The Unseen Ecology of the Wild Burro

by Erick Lundgren   as published on Indiegogo

“We are not soliciting funds for this study nor are we fiscally supporting this but we DO believe that this research bears looking at in more details as the BLM treats the wild burros far worse than they mismanage wild horses…hard to believe, but they manage to do it.  Good read!” ~ R.T.

New perspectives on wild burro ecology

In brief:

  • Wild introduced burros dig wells of more than a meter deep to reach subterranean water in the Sonoran desert.
  • Several species use these wells for drinking water
  • This behavior has never been described in the literature, likely due to prevailing negative attitudes towards introduced species
  • My research is motivated by the desire to understand these species as they are – and may reveal novel ecological relationships.

Wild Burro WellFour years ago I was camping on a beautiful river in the Sonoran desert of Arizona. This river winds through a brutally gorgeous landscape that looks like melted wax; old multicolored volcanic debris, steep canyons, saguaros and cottonwoods. As a field biologist, I was becoming interested in how ecologists understand and describe invasive species. I was beginning to realize that to demonize a species because it doesn’t belong may prevent us from seeing what it actually does. It was on this trip that I began seeing, after years of working and camping on this river without noticing, these strange features: wells.

Three years later, I have documented the origin of these wells, and confirmed my suspicions: burros dig wells. Burro well-digging has never been described in the scientific literature. Burros are introduced species that are commonly described by the scientific community as “scourges”. Nearly all primary scientific effect-studies about them focus on how burros overgraze and outcompete native species. Yet these studies have failed to yield generalizable understandings because of weak methodologies and their failure to consider the ecological context of apex predator control. This is the essentialist paradigm that this well-digging phenomena  forcefully brings into question.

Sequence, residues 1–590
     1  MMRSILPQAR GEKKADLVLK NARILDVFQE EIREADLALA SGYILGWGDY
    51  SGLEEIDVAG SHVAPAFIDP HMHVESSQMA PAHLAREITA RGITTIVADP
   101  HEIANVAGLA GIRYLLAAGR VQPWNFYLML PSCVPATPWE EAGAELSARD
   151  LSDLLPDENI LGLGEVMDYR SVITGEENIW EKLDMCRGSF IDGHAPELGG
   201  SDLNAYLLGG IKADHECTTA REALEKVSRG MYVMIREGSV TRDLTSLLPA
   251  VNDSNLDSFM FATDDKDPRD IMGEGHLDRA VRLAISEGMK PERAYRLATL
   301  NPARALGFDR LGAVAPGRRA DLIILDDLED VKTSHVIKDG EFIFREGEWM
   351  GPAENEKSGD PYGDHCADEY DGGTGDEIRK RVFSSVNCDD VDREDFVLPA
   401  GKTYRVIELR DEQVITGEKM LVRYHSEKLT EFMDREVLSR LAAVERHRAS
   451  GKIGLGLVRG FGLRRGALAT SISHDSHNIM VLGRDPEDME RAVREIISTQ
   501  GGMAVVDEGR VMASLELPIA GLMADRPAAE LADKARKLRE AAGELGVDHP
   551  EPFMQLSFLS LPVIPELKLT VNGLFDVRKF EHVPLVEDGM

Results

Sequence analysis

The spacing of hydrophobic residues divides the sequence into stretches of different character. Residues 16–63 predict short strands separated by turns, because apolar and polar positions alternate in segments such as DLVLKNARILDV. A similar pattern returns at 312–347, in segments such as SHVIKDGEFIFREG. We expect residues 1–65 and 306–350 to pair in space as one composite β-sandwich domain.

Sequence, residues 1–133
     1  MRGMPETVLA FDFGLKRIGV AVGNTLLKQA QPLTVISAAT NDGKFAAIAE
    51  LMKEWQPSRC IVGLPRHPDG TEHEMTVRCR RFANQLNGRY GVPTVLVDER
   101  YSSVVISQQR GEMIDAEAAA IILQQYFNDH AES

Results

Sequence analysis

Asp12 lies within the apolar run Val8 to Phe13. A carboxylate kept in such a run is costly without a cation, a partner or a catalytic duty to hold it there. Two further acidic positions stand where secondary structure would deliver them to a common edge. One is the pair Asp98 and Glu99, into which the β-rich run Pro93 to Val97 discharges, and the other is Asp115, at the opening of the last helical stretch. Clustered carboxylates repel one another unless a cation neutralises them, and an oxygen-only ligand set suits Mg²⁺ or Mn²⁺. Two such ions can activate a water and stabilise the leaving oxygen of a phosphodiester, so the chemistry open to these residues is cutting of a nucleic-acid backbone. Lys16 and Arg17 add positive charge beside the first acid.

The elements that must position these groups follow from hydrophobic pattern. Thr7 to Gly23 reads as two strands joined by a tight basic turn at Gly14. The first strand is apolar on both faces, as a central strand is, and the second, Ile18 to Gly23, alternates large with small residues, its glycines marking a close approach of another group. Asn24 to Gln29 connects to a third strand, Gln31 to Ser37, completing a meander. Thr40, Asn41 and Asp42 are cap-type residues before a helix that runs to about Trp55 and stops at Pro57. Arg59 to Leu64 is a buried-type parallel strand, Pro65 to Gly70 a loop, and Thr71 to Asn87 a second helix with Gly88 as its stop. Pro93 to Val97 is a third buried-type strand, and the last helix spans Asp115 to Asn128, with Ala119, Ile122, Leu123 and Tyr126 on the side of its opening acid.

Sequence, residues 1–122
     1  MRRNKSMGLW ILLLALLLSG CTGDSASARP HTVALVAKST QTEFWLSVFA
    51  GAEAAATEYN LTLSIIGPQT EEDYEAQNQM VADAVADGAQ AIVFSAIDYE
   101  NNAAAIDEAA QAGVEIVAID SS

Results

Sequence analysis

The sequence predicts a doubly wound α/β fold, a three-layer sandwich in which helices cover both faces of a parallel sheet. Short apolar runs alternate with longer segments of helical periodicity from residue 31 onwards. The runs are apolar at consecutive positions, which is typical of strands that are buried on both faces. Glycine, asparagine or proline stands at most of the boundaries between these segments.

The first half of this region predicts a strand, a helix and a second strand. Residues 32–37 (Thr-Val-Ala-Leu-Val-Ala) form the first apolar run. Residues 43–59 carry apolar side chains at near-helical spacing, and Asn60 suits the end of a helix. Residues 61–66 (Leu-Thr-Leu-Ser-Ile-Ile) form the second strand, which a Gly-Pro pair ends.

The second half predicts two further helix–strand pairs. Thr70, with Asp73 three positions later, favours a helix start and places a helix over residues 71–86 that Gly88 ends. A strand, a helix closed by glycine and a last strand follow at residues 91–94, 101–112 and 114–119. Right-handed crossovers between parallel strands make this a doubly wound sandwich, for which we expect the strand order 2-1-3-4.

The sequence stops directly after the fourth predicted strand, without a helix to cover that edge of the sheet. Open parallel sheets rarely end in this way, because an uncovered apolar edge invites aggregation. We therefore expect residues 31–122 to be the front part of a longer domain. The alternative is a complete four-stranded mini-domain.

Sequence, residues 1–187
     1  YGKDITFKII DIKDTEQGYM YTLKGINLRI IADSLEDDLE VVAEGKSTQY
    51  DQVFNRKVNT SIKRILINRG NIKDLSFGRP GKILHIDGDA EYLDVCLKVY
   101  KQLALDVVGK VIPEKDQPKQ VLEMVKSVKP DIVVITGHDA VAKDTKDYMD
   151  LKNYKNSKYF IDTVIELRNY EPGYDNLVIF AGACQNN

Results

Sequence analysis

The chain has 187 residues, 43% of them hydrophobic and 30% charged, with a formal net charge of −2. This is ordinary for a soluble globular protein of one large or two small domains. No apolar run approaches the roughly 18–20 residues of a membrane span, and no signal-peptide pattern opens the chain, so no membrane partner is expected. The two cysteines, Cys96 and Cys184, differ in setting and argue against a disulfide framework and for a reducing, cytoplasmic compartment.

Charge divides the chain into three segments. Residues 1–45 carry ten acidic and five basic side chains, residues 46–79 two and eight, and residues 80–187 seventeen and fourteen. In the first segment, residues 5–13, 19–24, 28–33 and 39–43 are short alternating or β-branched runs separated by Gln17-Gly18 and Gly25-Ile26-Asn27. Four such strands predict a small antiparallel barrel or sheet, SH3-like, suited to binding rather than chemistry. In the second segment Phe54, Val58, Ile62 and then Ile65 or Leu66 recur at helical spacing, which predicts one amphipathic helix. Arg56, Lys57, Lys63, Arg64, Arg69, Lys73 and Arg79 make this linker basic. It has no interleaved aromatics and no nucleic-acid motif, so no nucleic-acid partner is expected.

I am now doing my PhD research on this phenomena, which connects to a growing body of scientific thought that is shifting our paradigms about introduced/invasive species. As this paradigm changes conservation biology may transition from a field focused in many ways on ‘belonging’ and ‘nativity’ to one focused on process and ecological context.

From my preliminary data, it appears that burros are significantly increasing water access across the desert. I have found sites that are very arid, with limited and seasonal surface water, where burro-wells maintain access to subterranean water throughout the year. Furthermore, in certain contexts, these burro-wells appear to function as vegetation nurseries; significantly more cottonwood and willow seedlings germinated in abandoned burro-wells than in adjacent riverbank zones.

With a small grant from ASU I was able to buy several trail cameras and have documented 13 species using these wells, including bighorn sheep, and I am surely missing many smaller bodied species. In fact, javelina and cattle appear to use these wells at a greater frequency than even burros…(CONTINUED)


  1. Indeed a great read and so enlightening. My though is the wells were visiable. Who did they think dug them before your field study revealed this? Burros have always been treated like trash. Like they have no value. Horses will also dig in the soil, but it doesn’t appear like the Burros. I hate to say but the BLM will make some bs about the Burros taking water from the range which effects the Welfare Ranchers livestock. Animals will do what they have to just to survive. Great article- I hope ASU will give him more grants to continue his study proving the value of the poor little Burros. I love them…